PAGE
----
Fee Cheaters: The Basics for Trumping These Dirty Dealers

Mar 30, 2011

“Fee? I never agreed to pay a fee to hire anyone!”

“We never signed anything with your company!”

“You can say or do anything you want…we aren’t paying you!”

Anyone who stays in this business long enough will eventually hear those dreaded statements. Usually, these are people who know they owe you, but are liars. Lying fee avoiders are easier to deal with than the ones who really believe what they claim.

Either way, thankfully, you will not have to deal with these folks very often. In over 25 years in this business, I have been required to go to court to get paid only four times (and won all four cases) out of a total of only about ten serious fee disputes. The remaining six cases resulted in my getting paid before things got litigious because the fee avoider felt the pain of avoiding payment exceeded the pain of paying.

Most fee avoiders are unethical people by their very nature, in all aspects of their lives. You are wasting your time trying to reason with them. You need to beat them at their own game. That does not mean compromising ethics or becoming as evil as they are. It means having your ducks in order.

Savvy Safeguards

In hundreds of placements, I have never used signed agreements. Many have told me that by not using written agreements, I am playing with fire. To some degree, they are correct, but I have found that most business leaders are ethical, upstanding people who keep their word, even in states where signed agreements are the law.

Nonetheless, I have safeguards built into my process:

First, in my initial conversation with a candidate, I get his word that he must back me in the event fee arguments arise, and I gain that commitment before I send him on his first interview. (Some have told me that to mention a fee with candidates is tacky…I disagree. All candidates know they have a fee associated with them and that most employers are not going to be thrilled to pay it.)

Second, after I arrange an interview, I email the resume to the interviewer who verbally agreed to the fee. In the email, I restate the fee amount if a hire occurs.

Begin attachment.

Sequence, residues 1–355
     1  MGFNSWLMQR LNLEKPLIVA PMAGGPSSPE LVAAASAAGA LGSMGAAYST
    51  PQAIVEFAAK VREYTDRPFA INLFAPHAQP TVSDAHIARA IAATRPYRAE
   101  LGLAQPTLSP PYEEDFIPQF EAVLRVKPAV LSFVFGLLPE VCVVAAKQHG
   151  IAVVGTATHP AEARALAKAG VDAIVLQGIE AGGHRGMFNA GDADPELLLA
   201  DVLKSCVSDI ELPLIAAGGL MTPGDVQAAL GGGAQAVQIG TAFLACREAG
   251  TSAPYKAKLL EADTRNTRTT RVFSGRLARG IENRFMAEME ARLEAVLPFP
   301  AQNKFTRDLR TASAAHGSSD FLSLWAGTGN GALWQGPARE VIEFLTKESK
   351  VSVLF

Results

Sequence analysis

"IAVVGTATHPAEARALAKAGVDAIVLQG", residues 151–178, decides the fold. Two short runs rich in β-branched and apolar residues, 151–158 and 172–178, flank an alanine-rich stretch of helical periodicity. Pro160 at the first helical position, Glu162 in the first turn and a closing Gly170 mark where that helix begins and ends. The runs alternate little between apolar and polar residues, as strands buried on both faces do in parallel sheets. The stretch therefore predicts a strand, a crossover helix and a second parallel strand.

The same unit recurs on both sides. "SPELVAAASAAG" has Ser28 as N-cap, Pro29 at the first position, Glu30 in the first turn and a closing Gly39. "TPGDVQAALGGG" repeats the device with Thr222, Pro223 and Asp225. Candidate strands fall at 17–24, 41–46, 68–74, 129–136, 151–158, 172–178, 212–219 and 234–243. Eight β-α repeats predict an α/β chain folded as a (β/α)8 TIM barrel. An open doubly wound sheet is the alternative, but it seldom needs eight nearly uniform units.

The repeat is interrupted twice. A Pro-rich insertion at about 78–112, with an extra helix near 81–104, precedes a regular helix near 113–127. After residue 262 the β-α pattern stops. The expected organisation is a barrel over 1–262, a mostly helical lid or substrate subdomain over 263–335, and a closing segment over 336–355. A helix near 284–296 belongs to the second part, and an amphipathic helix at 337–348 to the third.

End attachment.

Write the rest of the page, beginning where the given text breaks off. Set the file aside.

Third, I coach the candidate to ask the interviewer upon arrival if he received the resume from the recruiter. An affirmative answer is usually blurted out, confirming receipt of the email, which restated the fee. This alone has trumped several potential fee avoiders when I informed them that I will call the candidate (now employee) to testify that the interviewer received the resume before the interview. The words, “You can explain to the judge that you didn’t read the email and see what he thinks” got us paid.

Fourth, if the preceding does not work, use the Internet to research fee avoiders in-depth. Anyone who attempts to cheat us probably has a track-record of cheating others. Also, in our industry, we deal with company presidents and business owners…high-profile people. Fee avoidance plus a high-profile works more to our advantage than disadvantage.

You may find some golden nuggets. As one example, a business-owning fee-avoider claimed he never agreed to pay any fee, when it was done both verbally and supported through email exchanges between this person and the recruiter, prior to the first interview. In essence, he was lying, but he used “no written contract” as his argument. Good Internet research revealed how this person had been the graduation speaker a few years earlier at the local university in the town where his company was located. In the text of his speech, which was on the Internet in its entirety, were the usual lofty statements such as “always dealing with the highest ethical standards,” “seeking to understand more than to be understood,” “always doing the right thing, no matter how difficult,” and “always meeting your obligations.”

When it was noted to this person what a great speech he had given, he suddenly rethought his position about going to court. It is doubtful that a compliment created goodwill. What probably occurred is the risk of making such grandiose public statements and then having one’s name in the public record for a judgment of nonpayment of funds owed was too unsettling.

(Be certain that all information found is always used in a lawful manner. Consult your attorney first.)

Hypocrisy exposed is far more costly than a placement fee.

This article is from the April 2009 print Fordyce Letter. To subscribe and receive a monthly print issue, please go to our Subscription Services page.

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